Use of statins may influence susceptibility to or the progression of interstitial lung disease (ILD) in smokers, according to a new study.
While some studies have suggested that statins might be beneficial in the treatment of fibrotic lung disease, others have suggested that they may contribute to the progression of pulmonary fibrosis by enhancing secretion of inflammasome-regulated cytokines, and numerous case reports have suggested that statins may contribute to the development of various types of ILD.
"Based on earlier case reports of statin-associated ILD and data suggesting that smoking is associated with the interstitial lung abnormalities (ILA) which underlie ILD, we hypothesized that statins would increase the risk for ILA in a population of smokers," said George R. Washko MD, MMsC, and Gary M. Hunninghake MD, MPH, of the Division of Pulmonary and Critical Care at Brigham and Women's Hospital in Boston. "Accordingly, we evaluated the association between statin use and ILA in a large cohort of current and former smokers from the COPDGene study. In addition to the association between statin use and ILA we found in humans, we also demonstrated that statin administration aggravated lung injury and fibrosis in bleomycin-treated mice." Bleomycin has been shown to induce lung inflammation and fibrosis.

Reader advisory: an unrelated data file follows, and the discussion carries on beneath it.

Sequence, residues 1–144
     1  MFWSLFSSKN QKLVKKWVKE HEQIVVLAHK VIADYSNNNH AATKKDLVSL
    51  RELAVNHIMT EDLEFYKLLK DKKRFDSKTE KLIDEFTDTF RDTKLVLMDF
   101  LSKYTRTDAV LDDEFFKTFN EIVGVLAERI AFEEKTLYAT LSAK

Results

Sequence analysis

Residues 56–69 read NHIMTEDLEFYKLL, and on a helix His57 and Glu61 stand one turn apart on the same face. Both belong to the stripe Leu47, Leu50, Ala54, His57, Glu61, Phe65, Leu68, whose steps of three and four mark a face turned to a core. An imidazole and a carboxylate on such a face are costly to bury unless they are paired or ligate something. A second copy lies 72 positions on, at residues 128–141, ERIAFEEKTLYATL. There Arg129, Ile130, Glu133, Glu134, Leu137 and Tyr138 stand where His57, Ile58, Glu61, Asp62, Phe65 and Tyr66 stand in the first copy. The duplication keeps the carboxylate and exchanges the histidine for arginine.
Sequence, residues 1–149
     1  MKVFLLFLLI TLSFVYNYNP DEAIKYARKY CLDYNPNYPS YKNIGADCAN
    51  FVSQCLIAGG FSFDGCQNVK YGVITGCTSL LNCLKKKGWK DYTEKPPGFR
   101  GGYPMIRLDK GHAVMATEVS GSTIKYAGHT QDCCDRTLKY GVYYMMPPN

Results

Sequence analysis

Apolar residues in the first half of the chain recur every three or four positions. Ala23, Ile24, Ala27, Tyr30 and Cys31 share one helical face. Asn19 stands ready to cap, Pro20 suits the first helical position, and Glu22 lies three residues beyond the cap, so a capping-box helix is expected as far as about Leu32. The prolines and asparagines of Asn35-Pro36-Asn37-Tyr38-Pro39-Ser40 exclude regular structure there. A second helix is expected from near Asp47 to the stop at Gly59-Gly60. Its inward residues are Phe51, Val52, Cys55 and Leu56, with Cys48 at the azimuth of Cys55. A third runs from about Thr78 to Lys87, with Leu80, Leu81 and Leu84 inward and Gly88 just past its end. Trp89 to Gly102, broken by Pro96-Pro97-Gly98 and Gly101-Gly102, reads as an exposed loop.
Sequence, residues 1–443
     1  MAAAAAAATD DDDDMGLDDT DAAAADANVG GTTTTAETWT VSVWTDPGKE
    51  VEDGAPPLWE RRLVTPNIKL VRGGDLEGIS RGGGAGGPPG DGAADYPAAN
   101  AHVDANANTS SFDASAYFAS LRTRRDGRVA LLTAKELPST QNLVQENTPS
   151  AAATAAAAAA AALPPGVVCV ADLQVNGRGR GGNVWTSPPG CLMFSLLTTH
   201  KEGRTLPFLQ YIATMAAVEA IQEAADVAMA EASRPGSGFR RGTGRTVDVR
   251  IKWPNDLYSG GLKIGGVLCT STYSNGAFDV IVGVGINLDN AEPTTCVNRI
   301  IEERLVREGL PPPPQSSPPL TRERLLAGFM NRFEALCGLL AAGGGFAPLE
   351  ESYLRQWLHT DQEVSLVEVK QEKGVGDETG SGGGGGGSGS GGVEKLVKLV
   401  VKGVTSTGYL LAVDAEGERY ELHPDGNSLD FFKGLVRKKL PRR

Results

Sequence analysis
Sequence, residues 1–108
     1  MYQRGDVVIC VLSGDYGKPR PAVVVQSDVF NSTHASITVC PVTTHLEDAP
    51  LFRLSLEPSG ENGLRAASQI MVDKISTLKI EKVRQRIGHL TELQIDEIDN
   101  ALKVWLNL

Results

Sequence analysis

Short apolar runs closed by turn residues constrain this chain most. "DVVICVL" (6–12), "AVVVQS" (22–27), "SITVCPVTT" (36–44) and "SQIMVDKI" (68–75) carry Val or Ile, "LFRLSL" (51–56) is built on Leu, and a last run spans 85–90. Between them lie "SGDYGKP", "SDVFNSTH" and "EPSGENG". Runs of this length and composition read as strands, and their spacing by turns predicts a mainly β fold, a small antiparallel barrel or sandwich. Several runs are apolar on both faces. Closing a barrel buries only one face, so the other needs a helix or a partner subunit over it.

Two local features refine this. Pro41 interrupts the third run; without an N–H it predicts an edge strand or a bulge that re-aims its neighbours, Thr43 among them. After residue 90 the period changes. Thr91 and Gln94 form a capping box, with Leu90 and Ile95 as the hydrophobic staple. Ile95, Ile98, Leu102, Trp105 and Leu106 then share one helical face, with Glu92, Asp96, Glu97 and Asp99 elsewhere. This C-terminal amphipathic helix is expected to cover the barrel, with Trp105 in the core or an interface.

The findings were published online ahead of print publication in the American Thoracic Society's American Journal of Respiratory and Critical Care Medicine.
Assessment included pulmonary function testing and CT scanning for radiologic features of ILA. Among 1,184 subjects with no evidence of ILA, 315 (27%) used statins, compared with 66 of 172 (38%) subjects with ILA. After adjustment for a number of covariates, including a history of high cholesterol or coronary artery disease, statin users had a 60 percent increase in the odds of having ILA , compared to subjects not taking statins. No other positive associations bet
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American Thoracic Society